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Old 05-17-2019, 10:05 PM   #12
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If you add more batteries now: you can always add extra panels later...
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Old 05-18-2019, 12:08 PM   #13
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Originally Posted by Chance View Post
If you go with 300 Watts (rated capacity) of panels, then you’d expect about 900 Watt-hours per day. That’s only 75 Amp-hours for a 12-Volt system. If using batteries a lot, you’d run a little short each day.

The question is whether you’d want to have excess battery or solar capacity, given a limited budget. I’d probably invest more on batteries if I couldn’t get it balanced just right.
Well maybe your right....and im not expecting too much out of my system.

I dont want to overthink this either. I want to start kinda small (200 watts) and add one or two more panels as I go. Plus Im limited on room for batteries and roof space for pannels.

But dont they say "for every 100 amh battery you need 100 watts of solar" as a general rule? Of coarse they are refering the to "entire" battery knowing that your only need to charge for 50% of that.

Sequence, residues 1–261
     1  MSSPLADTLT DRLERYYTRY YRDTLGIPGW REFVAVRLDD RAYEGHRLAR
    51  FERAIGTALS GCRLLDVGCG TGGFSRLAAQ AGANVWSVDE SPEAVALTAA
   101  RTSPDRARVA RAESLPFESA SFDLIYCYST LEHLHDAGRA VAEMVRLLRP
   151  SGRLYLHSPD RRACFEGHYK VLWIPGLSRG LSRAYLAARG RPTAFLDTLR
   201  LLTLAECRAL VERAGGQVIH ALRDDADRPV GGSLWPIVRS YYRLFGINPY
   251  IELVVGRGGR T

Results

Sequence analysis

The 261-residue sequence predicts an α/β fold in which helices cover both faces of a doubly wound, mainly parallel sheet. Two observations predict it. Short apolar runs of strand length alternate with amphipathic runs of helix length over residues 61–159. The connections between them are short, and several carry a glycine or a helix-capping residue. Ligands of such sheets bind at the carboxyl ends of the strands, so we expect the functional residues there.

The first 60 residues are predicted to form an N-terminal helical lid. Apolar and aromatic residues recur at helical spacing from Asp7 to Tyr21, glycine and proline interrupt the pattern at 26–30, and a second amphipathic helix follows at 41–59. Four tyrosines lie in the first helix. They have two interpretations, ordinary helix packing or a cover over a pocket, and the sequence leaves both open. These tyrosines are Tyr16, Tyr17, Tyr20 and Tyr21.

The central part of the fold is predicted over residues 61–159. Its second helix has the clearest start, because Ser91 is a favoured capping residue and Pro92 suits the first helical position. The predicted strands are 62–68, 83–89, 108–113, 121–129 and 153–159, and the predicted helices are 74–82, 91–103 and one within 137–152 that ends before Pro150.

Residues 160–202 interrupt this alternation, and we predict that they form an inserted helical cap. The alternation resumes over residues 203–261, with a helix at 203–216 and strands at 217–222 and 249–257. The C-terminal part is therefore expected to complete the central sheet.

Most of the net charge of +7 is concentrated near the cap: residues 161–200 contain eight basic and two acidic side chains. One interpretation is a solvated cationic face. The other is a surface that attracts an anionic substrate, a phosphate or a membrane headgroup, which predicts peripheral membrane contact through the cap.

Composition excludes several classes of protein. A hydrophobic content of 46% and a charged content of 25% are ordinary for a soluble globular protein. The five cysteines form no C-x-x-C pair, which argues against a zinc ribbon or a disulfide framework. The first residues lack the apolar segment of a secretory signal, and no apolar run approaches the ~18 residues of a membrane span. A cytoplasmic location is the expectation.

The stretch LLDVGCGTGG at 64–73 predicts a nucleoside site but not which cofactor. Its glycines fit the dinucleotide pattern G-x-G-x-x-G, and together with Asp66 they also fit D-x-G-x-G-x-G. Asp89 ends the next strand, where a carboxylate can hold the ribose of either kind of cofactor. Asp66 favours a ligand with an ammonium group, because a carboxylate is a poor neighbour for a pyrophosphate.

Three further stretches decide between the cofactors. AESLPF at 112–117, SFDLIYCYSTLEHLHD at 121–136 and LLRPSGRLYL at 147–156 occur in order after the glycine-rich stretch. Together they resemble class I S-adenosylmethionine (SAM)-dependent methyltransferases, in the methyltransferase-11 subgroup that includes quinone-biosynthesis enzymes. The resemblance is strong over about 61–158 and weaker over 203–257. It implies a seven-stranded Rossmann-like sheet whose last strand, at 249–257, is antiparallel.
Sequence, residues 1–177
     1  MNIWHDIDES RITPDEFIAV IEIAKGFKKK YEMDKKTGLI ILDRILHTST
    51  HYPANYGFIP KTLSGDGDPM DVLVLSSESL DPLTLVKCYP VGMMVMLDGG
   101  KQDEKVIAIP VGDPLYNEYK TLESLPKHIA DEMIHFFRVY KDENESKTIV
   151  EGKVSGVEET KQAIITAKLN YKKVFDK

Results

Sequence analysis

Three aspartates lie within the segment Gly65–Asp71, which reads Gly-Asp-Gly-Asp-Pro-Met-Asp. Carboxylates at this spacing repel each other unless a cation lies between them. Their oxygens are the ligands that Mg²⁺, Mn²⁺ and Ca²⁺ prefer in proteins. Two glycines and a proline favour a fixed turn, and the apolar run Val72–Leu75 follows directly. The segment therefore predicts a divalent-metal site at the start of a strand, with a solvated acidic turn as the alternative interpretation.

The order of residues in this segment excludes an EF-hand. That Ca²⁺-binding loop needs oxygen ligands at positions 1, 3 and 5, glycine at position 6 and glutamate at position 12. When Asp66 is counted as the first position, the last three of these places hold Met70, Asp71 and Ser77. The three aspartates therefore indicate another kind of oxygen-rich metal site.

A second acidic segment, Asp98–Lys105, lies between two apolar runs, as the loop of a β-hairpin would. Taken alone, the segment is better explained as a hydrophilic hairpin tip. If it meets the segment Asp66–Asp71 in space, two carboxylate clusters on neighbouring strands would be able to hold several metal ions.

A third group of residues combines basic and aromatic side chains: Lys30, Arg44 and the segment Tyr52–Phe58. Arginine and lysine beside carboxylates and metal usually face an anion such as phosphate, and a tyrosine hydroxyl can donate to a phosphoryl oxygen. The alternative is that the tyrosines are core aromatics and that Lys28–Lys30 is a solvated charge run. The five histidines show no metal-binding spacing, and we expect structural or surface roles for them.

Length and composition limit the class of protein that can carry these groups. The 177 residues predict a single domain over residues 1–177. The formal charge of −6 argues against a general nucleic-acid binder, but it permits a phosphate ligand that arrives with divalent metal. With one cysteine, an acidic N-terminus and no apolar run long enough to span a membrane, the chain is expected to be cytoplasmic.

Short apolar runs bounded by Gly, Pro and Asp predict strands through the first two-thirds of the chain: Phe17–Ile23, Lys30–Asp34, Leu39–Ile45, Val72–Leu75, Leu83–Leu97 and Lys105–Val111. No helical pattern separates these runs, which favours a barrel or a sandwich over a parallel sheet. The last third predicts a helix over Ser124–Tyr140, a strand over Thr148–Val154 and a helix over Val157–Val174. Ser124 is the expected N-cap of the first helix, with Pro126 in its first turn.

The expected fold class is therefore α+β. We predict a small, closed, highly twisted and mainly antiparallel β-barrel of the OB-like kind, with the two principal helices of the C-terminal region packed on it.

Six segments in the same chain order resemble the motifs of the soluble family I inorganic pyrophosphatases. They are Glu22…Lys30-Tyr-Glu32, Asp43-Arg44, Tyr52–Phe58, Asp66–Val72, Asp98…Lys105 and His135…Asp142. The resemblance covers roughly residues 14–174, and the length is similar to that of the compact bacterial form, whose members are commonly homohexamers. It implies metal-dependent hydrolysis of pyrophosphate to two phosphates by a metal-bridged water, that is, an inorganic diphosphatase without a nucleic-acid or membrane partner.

AND most are figuring the full 5 hours of sunlight a day where you and me are being more realitic with 3 hours a day to be safe. If every day was sunny and you live in the southern states you should realize 5 hours a day (but around 3 in the winter).

So 100 watt solar x 5 hours = 500 watts and if you figure 50 amh of useable juice then you get back around 41.2 amps per a day with that setup (as a general rule). But in reality Im sure its less.

Im just going to start slow. I dont really need solar .... it just something I want to do.

This is really my test project for when I add solar to my house in 5 to 10 years. I like to be close to net zero at home by the time im ready to retire.